Perfectionism and The Creative Gap

(originally said by Ira Glass, of This American Life, and subsequently spread around the internet on blogs and through Twitter by various creative types. I can't determine who made this particular graphic.)

I'm a perfectionist, allow me to just say that upfront. 

I set impossible standards for myself, ones that I couldn't be expected to achieve, and then experience the soul-crushing reality of having not achieved those things. In some ways, this ongoing ritual forwards my ability to accomplish goals and motivates me to work harder. Often, it just sets off a downward spiral of disillusionment and self-loathing.

You can imagine how this goes when I utterly fail at something. It's hard to tell what is failure and what isn't, of course, since anything short of perfection tends to be regarded as failure. There are tears. There is depression. There is the general belief that everything will come crashing down, that everything I do is a waste of time, that my goals are nothing more than a mirage in the distance, something I never quite arrive at.

Here's the thing about perfection: It's an illusion. 

I have a few friends who have claimed that at some point in the vague distant future they are going to "launch" themselves and their careers after they have perfected all the kinks and nuances of who they intend to be. See, I don't actually believe this method is possible. I don't think one can burst forth into the universe fully formed, with a fully functioning website, a beautiful portfolio, a backlog of internet history, and plenty of obvious experience and high-profile contacts like the midcareer rockstars they want people to believe they are.

You have to suck first. Publicly. You have to start with crappy materials, make dumbass comments, put out bad work. I know, it's shocking, and a punch in the stomach, but that's how it has to be. I sincerely believe this. What I hear when people talk about how one day they will arrive on the scene in perfect form ready to "start" their successful careers is delusion, and the probability of it never happening at all. ProTip: You're never going to feel ready.

Successful people fail first. It's not that they're not embarrassed about the stupid things they did early on, or continue to do. It's the feeling of being uncomfortable that inspires them to do better, to improve. How do you even know what you suck at if you don't put it out there? How will you make better work if you don't have a starting point?

You have to get comfortable with being uncomfortable.

I don't want to be someone who never improves because I never tried. I want to get as close to my high standards as I possibly can. I can't imagine how bad I'd feel about myself if I hadn't been willing to put less than stellar material into the world that has gotten better over the course of years, that still continues to improve as I go. I want to start new things and improve upon those as well. I want to constantly be evolving into the best that I can be.

I will never achieve anything remotely close to this without first taking risks that may or may not work, and sucking it up when they don't. If I don't have the skills to learn and adapt, how will I achieve anything? How will I survive?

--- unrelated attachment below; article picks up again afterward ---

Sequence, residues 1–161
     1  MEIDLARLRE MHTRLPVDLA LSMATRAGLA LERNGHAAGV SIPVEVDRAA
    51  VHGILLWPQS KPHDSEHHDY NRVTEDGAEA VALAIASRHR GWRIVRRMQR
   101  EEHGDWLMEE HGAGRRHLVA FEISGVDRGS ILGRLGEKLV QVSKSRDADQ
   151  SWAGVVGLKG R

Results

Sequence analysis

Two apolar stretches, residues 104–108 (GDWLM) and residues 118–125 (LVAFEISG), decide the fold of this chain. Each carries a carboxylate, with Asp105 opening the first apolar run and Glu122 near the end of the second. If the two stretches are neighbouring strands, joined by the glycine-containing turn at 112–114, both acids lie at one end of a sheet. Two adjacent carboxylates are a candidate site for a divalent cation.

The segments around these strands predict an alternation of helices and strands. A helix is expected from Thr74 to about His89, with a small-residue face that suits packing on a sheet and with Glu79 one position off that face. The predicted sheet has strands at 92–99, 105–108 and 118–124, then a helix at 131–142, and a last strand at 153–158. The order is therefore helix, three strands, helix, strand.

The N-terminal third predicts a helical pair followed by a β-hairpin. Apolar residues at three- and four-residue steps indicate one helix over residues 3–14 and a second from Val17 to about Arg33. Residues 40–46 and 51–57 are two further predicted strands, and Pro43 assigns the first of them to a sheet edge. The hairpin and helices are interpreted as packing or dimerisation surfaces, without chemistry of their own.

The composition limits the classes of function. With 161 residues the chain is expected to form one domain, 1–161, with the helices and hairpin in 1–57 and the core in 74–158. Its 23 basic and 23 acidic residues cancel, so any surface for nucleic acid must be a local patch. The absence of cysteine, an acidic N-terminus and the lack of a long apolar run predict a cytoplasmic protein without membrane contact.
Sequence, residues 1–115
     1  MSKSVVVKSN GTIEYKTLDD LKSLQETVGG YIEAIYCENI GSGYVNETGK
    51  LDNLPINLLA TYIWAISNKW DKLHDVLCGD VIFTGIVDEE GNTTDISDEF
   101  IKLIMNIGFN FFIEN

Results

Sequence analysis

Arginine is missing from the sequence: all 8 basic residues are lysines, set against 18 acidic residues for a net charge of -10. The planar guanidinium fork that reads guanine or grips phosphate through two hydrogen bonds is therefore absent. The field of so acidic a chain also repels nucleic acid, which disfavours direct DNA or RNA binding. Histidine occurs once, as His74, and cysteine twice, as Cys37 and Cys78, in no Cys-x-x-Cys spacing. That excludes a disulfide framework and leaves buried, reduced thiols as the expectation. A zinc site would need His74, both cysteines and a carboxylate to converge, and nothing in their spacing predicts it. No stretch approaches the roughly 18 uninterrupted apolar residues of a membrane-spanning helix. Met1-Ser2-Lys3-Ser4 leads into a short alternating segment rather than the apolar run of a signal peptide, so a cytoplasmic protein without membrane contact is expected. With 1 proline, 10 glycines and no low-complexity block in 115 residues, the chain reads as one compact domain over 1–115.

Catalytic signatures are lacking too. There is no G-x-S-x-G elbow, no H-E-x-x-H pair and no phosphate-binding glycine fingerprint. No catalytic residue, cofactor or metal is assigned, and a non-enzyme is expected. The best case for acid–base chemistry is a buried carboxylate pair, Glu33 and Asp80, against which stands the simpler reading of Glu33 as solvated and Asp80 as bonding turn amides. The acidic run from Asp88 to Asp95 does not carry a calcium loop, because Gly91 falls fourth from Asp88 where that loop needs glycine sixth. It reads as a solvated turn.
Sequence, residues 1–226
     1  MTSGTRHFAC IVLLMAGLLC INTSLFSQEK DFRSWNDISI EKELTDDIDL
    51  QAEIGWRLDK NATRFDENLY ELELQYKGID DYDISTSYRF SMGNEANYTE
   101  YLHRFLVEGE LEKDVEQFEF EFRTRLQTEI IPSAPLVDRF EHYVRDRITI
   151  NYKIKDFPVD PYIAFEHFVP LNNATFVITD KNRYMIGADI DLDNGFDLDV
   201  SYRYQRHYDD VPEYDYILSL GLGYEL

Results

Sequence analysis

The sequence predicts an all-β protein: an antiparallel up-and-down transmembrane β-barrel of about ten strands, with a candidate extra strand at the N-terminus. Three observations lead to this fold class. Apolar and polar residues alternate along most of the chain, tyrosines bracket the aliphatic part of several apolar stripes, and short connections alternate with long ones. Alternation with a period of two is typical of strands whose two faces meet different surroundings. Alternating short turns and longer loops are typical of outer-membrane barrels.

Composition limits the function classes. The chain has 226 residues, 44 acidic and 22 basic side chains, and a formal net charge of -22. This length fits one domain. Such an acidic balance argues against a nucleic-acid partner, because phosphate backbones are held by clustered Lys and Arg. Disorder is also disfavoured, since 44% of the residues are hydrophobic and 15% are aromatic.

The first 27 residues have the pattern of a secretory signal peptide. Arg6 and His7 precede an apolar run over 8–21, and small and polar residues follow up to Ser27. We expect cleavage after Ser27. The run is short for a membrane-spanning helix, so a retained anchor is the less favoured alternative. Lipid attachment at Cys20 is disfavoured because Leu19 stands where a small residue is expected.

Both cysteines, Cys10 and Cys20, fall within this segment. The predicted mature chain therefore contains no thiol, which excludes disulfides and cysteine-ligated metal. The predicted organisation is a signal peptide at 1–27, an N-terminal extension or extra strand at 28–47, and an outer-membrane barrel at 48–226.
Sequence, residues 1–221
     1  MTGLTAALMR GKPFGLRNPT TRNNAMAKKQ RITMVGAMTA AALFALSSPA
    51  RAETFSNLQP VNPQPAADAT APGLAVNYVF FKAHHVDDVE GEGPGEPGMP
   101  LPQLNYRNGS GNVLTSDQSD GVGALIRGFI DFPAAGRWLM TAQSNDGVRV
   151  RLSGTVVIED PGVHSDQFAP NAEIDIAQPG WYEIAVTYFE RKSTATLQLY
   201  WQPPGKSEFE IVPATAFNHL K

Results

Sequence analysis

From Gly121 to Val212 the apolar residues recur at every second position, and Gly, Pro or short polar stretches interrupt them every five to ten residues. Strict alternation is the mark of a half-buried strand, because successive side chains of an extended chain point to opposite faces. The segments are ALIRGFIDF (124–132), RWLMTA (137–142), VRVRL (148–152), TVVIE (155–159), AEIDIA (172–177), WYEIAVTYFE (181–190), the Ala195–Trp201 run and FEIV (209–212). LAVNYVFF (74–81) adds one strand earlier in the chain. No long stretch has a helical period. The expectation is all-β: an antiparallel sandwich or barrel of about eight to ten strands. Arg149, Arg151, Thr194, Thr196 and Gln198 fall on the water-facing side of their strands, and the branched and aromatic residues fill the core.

It starts somewhere. If it doesn't, it has nowhere to go. 

I don't want to ever reach a point in which I feel I have accomplished everything I set out to do, that I am somehow complete. There's always something to do better. There's always a way to reach higher. The satisfaction, ultimately, comes from embracing the road to get there, and simply enjoying the process, through all the pain and triumph and embarrassment. 

I am the work in progress. 


Chris Stott said...

This is a fantastic article.

Perfection is a plague that often causes so much procrastination.

Creativity is an iterative process anyway. If you look at the startup world, you can see how things a released far from perfect and then gradually improved over time. In fact, software development has a great structure to this that can and should be applied to other creative pursuits.

Do you have any daily mantras to get over this?

Shayla Maddox said...

No mantras, no, but I do a lot of mental work to simply force myself into doing things, regardless of what I fear the outcome might be. I feel a great sense of accomplishment upon completing goals I set for myself, so that's what's ultimately motivating.

Somedays I feel downright incapable, other days confident and carefree. Most of the time I hang out somewhere in the middle and can just "trick" myself into working even when I don't feel like it. :)

It's the overarching accomplishments that build up over years that are truly rewarding for me, rather than putting too much pressure on any one particular thing.

Dave Richardson said...

Its true you have to put out crap work at first. That's because it takes 10 years to reach your potential or 10,000 hours to become a real expert at something. Or should I say anything – sports, art, painting, writing...There are no overnight successes: those who appear to be child prodigies are no better than anyone who puts in X thousand hours concentrated effort.

Shayla Maddox said...


I do think some people have more talent than others at certain things (sports, art, writing, business, etc) but I definitely agree that talent is meaningless if you don't have the discipline to match it.


Robert Vlach said...

Excellent article! Going to share it along...